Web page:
How can church leaders address conflicts? Jessica Anschutz of the Lewis Center staff speaks with attorney and mediator, Charlie Pillsbury, about mediating conflicts in congregations.
Jessica Anschutz: Welcome, Charlie. I’m grateful for your willingness to share some of your conflict mediation wisdom with our listeners. Share a little bit about your background in conflict mediation.
Charlie Pillsbury: I graduated from law school in 1975. The law is certainly a form of dispute resolution. I practiced law for a dozen years and I was a good lawyer, but it didn’t feed me. I went through what I call a vocational nervous breakdown. I joined an organization called the Christian Legal Society. It’s a very evangelical conservative Christian organization. I don’t agree with it on everything, but I am always impressed with people who take their faith seriously seven days a week, not just one day a week. Through that I discovered a symposium called the Ministry of Reconciliation. It was in Lombard, Illinois, at Wheaton College, the alma mater of Billy Graham. It invited lawyers and mediators to come out and look through a scriptural lens, and I had never really thought of it that way. So, I went, and there were maybe another two or three people from mainline churches. It was all Evangelicals, and a lot of Mennonites, Brethren, and Peace churches. It was really an Alice in Wonderland experience for me.
I went back to New Haven, and within a week I learned about a community mediation program. At that point I’d lived in New Haven for a dozen years and was very well tuned in, but I’d never heard of this little, sleepy mediation program in the Fair Haven neighborhood. In 1988, I did a 15-hour training and became a volunteer mediator. At the same time, I enrolled at Yale Divinity School as a special student to get an MAR [Master of Arts in Religion]. I was partway through that and created an internship with this mediation program because the director of the program at the time was a UCC pastor, so it was easy to set up as an internship site. I hadn’t been there more than a month or two when my supervisor announced that she was retiring and I’m saying, “God, what am I going to do now?” Then I said, “Oh, I know. I could apply for her job.” So, that’s what I did. I was hired, and for the next 20 years it was really the best job I ever had and probably will ever have — the executive director of a community mediation center in New Haven. We did more than mediation. We created a dialogue program with churches around the Rodney King incident of New Haven when a young black man was slammed by an East Haven police officer.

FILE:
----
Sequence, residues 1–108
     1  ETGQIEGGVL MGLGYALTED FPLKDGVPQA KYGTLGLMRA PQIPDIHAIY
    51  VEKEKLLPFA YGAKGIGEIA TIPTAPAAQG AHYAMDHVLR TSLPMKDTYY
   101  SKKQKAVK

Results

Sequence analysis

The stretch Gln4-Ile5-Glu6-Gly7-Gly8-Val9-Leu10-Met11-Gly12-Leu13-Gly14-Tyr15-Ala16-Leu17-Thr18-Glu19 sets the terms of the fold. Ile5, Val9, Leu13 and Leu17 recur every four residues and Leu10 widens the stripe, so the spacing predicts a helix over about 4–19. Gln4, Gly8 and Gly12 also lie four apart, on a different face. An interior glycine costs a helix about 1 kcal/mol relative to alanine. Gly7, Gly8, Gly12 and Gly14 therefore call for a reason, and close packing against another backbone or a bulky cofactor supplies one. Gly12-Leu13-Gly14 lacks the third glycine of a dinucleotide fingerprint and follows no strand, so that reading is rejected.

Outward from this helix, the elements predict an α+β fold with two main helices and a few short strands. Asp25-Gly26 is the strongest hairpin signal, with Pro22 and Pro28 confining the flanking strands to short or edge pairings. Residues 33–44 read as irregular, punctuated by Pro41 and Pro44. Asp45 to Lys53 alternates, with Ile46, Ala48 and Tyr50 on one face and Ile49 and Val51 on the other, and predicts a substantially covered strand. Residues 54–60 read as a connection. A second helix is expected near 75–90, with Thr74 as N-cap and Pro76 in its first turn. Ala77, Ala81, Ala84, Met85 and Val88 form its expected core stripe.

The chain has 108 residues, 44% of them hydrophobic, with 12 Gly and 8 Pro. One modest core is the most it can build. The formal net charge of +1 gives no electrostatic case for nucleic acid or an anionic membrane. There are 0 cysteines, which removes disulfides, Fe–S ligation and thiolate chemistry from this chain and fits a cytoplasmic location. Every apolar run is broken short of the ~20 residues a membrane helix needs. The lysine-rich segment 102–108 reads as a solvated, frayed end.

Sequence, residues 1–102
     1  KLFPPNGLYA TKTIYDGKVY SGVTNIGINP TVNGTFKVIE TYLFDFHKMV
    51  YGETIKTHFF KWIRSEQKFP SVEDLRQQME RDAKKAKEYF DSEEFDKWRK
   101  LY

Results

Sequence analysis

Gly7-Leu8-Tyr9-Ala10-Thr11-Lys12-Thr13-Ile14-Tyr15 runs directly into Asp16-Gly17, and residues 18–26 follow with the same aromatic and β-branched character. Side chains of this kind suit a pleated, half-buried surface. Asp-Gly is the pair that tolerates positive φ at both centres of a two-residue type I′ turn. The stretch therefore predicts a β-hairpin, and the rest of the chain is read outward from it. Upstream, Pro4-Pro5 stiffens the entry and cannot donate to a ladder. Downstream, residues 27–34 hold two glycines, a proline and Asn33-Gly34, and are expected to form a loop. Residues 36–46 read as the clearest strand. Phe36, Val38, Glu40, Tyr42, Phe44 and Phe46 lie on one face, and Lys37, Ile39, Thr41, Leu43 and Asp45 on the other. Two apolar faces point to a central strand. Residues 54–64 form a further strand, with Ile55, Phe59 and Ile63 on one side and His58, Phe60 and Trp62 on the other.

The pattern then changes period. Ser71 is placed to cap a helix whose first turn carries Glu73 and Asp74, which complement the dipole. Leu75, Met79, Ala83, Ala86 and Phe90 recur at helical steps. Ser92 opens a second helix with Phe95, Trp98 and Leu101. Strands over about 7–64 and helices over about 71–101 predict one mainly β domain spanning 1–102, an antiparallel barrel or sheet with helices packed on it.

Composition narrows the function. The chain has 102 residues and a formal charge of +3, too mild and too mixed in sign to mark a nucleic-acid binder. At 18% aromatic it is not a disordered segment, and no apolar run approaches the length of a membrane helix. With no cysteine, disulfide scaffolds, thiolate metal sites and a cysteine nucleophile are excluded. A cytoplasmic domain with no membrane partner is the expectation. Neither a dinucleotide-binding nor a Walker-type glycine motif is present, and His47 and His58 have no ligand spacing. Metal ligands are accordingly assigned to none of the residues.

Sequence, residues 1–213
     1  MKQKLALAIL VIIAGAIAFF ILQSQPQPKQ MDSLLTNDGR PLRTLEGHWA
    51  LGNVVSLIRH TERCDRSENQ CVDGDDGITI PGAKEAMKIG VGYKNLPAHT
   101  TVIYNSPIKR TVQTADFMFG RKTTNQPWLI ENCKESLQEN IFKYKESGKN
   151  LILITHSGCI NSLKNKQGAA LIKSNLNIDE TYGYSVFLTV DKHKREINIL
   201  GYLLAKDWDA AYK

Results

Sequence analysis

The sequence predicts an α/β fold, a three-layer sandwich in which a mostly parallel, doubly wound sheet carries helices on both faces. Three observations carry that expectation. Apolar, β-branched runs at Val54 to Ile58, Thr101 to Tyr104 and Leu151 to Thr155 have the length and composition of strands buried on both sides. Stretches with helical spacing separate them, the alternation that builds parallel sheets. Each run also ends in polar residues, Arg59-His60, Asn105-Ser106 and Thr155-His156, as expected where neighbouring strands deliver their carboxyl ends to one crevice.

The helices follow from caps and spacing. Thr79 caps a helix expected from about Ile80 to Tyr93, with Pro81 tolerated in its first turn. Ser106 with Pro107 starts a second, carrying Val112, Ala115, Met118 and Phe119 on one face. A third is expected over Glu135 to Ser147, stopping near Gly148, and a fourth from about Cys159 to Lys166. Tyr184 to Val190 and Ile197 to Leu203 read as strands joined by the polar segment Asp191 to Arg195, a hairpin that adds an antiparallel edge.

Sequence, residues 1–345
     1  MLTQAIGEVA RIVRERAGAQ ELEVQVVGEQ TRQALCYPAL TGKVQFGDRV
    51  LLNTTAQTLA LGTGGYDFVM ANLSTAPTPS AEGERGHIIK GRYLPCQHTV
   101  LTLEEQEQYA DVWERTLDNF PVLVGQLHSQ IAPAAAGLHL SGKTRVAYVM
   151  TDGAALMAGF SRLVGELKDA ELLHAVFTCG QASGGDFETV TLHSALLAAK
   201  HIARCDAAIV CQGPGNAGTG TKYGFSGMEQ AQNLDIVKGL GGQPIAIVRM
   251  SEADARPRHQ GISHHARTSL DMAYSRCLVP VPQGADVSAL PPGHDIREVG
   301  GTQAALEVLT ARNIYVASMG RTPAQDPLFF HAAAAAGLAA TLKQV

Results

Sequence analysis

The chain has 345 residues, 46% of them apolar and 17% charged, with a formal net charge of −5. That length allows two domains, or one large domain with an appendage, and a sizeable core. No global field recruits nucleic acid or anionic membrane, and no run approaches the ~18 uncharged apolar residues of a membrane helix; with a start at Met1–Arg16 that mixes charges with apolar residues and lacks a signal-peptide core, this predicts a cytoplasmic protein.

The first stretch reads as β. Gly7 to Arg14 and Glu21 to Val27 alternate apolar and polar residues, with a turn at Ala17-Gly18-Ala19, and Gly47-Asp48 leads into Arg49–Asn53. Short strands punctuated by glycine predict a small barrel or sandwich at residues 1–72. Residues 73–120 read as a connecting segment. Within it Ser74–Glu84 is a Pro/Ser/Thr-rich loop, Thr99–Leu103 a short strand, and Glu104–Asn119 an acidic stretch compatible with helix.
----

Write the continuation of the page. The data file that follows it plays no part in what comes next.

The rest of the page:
I figured 20 years was a good run, so I started teaching as an adjunct. Now they call me the Distinguished Practitioner in Residence at Quinnipiac. I love talking about the scriptural foundations of my vocational journey because it is spirit led.
Jessica Anschutz: What an incredible background you have, I feel like we’re not going to have enough time to cover all of the possibilities that we could talk about. Going back to your point about scripture informing what you do, how does scripture inform your approach to dispute resolution?
Charlie Pillsbury: First of all, I was drawn to the ministry of reconciliation. One of my professors at the Yale Divinity School and the School of Religious Studies, Wayne Meeks, a New Testament scholar, not one for small talk, came up to me after a service at Battell Chapel and asked me, “Charlie, is there some tension between the ministry of reconciliation and the ministry of justice?” I said, “Absolutely. I feel like I live on that tight wire.” It’s the ministry of reconciliation, but it’s also a ministry of justice. There are other people who do justice better than I do, and I think I do reconciliation better than most.